My connections with St John’s Church go back to when I was a small boy. I attended Sunday school, which was then run by the superintendent Mrs “Nell” Hurley, and when I was eight years old, I joined the church choir.
The organist and choirmaster in those days was Bill Stretton, a local baker who later became a miner and was tragically killed in a mining accident. The Rood figures at the entrance to the chancel are dedicated to his memory.
If I remember correctly, the boys choir consisted of about a dozen members with ages varying from eight years to when their voices broke at around 14. The head choirboy at that time was called Robert Hunter. The men’s choir was made up of all ages from late teenagers pensioners. The tenor section included Bill “Buller” Jones, Harold Fereday, my dad Donald Price who sometimes sang alto, John Francis and Terry Bruce, who was also learning to play the organ with Bill Stretton. I don’t remember any members of the bass section, except for another Colin, Colin Cluley, and his brother Boris, and Cedric and Andrew Smith, a little older than myself.
After about a year, I was asked to sing small solo part in a harvest anthem, “Ye shall dwell in the land” by Joseph Stainer, with the larger baritone part sung by Colin Cluley. After that, I often sang solos sometimes from Handel’s “Messiah” and other sacred music.
After Bill Stretton resigned, the position organist and choirmaster was taken up by a young man who was in the Royal Air Force stationed at Hednesford named Bob Kalton. Bob expanded the choir and if I remember correctly, the worries choir numbered almost 20. It was during Bob’s time that a harvest Festival service was recorded and parts of it put onto discs, including the anthem “Thou Visitest the Earth” by Maurice Greene. The curate at that time was John Dodd.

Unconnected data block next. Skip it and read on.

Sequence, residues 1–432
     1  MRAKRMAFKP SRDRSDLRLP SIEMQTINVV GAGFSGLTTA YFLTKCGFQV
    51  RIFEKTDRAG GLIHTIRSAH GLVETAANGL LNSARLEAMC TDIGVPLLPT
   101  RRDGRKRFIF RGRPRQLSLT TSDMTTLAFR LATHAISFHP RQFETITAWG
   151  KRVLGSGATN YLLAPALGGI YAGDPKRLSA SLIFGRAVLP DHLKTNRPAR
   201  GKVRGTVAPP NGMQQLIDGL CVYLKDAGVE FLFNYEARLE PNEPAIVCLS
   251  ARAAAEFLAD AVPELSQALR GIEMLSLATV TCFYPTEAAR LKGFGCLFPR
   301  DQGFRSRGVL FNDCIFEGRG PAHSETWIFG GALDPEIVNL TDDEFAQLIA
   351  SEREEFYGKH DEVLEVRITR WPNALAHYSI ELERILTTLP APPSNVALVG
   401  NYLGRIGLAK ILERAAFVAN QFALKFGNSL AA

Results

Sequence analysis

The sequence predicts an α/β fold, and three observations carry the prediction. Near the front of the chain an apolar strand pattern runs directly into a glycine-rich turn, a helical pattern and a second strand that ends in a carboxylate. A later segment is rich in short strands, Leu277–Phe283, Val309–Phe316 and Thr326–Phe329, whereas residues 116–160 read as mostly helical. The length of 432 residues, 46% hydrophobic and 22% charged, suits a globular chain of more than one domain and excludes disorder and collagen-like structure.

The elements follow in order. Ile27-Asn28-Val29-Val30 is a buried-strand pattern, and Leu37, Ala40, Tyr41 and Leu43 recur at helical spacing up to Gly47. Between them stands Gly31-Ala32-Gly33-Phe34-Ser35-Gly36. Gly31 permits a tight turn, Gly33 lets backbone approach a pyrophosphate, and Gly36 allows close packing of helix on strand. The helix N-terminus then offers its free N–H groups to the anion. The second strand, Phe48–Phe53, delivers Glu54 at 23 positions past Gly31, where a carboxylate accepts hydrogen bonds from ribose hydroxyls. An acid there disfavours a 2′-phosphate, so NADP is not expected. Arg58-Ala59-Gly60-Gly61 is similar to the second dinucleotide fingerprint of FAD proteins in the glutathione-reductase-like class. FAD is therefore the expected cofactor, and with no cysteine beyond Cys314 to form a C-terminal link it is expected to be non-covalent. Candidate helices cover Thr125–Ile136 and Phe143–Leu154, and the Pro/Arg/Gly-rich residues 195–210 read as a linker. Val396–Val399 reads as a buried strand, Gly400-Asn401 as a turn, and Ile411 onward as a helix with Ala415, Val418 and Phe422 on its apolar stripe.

After Bob Kalton finished his national service and return to his hometown of Wrexham, his place was taken by another Royal Air Force man, Sgt David Dence, who, being a “regular” stayed for a longer period, giving way to a local Hednesford man, Percy Kendrick, scratch that. It was during this time, having studied the organ at Cannock grammar school, I was given the job of organist at St Thomas’s church, Huntington, where I stayed for three years, after which I returned to St John’s as organist and choirmaster.
During this time, as well as the usual anthems, I instituted a link with the Bourne Methodist Church, so that both our choirs might join together to perform larger works. The first of these was the Christmas music from Handel’s “Messiah” which we performed in St John’s. The soloists were all local, including Ruth Fereday, soprano, Miss Poxon, contralto, a tenor from Cannock whose name I can’t remember, and Frank Jordan, bass. The organist was Frank’s son, David, who was the organist at Bourne. This was followed by Bach’s “St Luke Passion” which was performed by the same soloists the following Easter in the Bourne church. This was in the time of Rev. Jim Quinn.
It was shortly after this time, that I left the village to study music at the Royal Manchester College of music, and so had to leave the post of organist, something which I had enjoyed doing, and I was sorry to leave. I hope that these few memories may prompt a few more of the church at that time, and if I have left anyone out, please feel free to correct the error.